 Inability to speak in whole sentences
Systemic effects of inadequate respiration
 Increased respiratory rate. Weak respiratory effort
 Decreased, asymmetrical, or absent breath sounds
 Oxygen saturation,92% on air or ,95% on high concentration oxygen
 PEFR,33% of normal
 Hypercapnia (measured with end tidal CO2 monitor)
 Tachycardia (>120) or bradycardia (late and ominous finding)
 Arrhythmias
 Pallor and/or cyanosis (particularly central cyanosis)
 Cool clammy skin
 Falling blood pressure (late and ominous finding)
 Changed mental status—confusion, feeling of impending doom, combativeness
 Falling level of consciousness
 Exhaustion (+/2muscular chest pain)
Secure the airway (in moribund patients it may be necessary to escalate rapidly through
manual methods, simple adjuncts, intubation, and cricothyroidotomy until airway secured)
High concentration oxygen via non-rebreathing mask (consider titrating concentration to
oxygen dependent patient’s ‘‘normal’’ SpO2)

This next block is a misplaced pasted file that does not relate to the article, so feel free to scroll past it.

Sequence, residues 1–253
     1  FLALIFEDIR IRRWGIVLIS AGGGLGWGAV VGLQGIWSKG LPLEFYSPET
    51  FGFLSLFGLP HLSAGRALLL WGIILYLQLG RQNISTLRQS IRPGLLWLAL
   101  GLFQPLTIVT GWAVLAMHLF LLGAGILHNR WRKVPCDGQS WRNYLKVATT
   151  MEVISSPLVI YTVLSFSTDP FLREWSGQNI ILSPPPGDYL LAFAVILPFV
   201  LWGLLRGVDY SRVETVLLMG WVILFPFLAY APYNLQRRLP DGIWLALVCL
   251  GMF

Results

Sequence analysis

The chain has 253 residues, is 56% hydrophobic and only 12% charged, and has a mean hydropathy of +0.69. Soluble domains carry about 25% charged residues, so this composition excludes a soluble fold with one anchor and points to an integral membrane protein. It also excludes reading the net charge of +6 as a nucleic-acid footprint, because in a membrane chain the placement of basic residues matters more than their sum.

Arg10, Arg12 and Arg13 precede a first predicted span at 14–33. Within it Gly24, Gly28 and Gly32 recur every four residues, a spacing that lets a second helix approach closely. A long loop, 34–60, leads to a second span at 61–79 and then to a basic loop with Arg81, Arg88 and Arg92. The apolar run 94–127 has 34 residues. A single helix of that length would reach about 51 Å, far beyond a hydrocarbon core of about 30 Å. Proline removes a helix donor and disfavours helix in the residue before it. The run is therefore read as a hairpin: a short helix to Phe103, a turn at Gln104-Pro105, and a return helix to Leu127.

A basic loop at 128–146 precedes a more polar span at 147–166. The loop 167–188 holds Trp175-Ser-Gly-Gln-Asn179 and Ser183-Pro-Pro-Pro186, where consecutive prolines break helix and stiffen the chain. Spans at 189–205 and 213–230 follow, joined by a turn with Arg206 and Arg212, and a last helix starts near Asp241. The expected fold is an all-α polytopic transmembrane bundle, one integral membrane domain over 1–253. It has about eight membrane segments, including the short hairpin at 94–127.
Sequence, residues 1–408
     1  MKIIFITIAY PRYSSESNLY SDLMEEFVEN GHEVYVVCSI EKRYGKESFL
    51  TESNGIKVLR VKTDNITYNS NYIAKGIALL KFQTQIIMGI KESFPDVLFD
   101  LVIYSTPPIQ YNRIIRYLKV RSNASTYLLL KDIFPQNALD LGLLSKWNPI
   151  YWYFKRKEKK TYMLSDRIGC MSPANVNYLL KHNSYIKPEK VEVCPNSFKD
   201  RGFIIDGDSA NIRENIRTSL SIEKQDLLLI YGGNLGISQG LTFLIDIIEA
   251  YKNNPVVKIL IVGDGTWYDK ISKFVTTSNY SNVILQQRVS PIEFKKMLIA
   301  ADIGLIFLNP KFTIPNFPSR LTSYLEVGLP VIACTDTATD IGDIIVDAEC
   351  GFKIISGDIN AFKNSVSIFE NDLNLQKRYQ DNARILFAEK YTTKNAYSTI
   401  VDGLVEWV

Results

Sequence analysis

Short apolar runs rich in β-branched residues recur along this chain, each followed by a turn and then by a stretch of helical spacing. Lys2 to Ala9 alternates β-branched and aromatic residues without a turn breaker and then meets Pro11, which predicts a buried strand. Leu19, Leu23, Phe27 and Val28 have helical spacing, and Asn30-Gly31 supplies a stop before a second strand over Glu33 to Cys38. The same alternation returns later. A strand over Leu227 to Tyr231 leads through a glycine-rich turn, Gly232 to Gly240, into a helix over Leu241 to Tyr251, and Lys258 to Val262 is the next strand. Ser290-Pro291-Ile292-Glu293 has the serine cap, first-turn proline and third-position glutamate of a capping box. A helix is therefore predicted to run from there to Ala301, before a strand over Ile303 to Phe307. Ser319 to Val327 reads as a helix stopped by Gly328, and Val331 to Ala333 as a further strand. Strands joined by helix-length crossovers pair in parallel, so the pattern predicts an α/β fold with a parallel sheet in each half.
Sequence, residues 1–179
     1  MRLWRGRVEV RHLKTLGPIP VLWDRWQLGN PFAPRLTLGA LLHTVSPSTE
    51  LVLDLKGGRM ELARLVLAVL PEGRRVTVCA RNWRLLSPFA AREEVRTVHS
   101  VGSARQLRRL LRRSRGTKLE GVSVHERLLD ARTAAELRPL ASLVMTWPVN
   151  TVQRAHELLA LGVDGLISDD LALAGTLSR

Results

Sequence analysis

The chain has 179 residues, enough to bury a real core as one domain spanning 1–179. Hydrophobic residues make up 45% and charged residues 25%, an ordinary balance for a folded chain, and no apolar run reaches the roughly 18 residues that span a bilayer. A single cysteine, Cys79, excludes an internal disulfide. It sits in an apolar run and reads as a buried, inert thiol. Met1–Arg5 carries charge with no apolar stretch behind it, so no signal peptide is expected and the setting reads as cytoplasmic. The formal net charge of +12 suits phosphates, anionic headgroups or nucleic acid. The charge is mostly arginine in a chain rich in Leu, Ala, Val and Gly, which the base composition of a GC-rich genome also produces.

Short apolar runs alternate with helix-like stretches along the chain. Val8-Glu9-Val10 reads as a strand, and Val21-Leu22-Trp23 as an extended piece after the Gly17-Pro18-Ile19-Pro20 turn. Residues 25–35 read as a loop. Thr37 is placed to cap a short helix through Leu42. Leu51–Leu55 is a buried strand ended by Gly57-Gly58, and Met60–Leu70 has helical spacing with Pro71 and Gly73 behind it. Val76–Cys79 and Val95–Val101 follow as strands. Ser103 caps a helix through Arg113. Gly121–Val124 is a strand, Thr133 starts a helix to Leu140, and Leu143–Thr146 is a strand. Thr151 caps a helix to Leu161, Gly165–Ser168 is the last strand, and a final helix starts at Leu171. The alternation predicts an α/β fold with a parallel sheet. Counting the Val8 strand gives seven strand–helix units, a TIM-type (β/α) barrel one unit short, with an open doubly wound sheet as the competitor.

Assist ventilations if required, titrated to SpO2
Nebulised b2 agonist in the presence of wheeze (for example; salbutamol)
Nebulised anticholinergic in the presence of asthma or COPD (for example, ipratropium
bromide 0.5 mg, may be mixed with salbutamol)
IM adrenaline in the presence of anaphylaxis
Decompress tension pneumothorax
In addition to the above, consider:
June 1, 2015
IV fluids (asthma and anaphylaxis)
Intravenous or oral corticosteroids (asthma and anaphylaxis)
Antihistamines (anaphylaxis)
Findings (not reversed by initial treatment) suggesting need for hospital admission
 Inspiratory or expiratory noises (stridor or wheeze) audible without the aid of a